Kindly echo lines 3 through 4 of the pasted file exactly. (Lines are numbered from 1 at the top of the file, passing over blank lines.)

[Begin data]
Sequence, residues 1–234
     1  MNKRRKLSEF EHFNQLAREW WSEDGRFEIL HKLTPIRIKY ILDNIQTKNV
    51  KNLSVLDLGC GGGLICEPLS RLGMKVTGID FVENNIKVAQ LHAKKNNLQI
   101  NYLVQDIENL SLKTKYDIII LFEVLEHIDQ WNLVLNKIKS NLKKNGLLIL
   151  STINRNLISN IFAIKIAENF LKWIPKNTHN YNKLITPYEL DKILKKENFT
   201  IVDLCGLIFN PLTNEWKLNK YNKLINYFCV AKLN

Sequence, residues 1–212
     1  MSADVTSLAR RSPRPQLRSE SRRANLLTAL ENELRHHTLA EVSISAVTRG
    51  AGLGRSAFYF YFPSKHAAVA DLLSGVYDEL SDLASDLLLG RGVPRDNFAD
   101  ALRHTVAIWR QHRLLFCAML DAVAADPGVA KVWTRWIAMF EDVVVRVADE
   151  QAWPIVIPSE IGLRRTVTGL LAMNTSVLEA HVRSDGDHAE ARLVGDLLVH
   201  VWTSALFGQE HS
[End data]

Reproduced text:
    51  KNLSVLDLGC GGGLICEPLS RLGMKVTGID FVENNIKVAQ LHAKKNNLQI
   101  NYLVQDIENL SLKTKYDIII LFEVLEHIDQ WNLVLNKIKS NLKKNGLLIL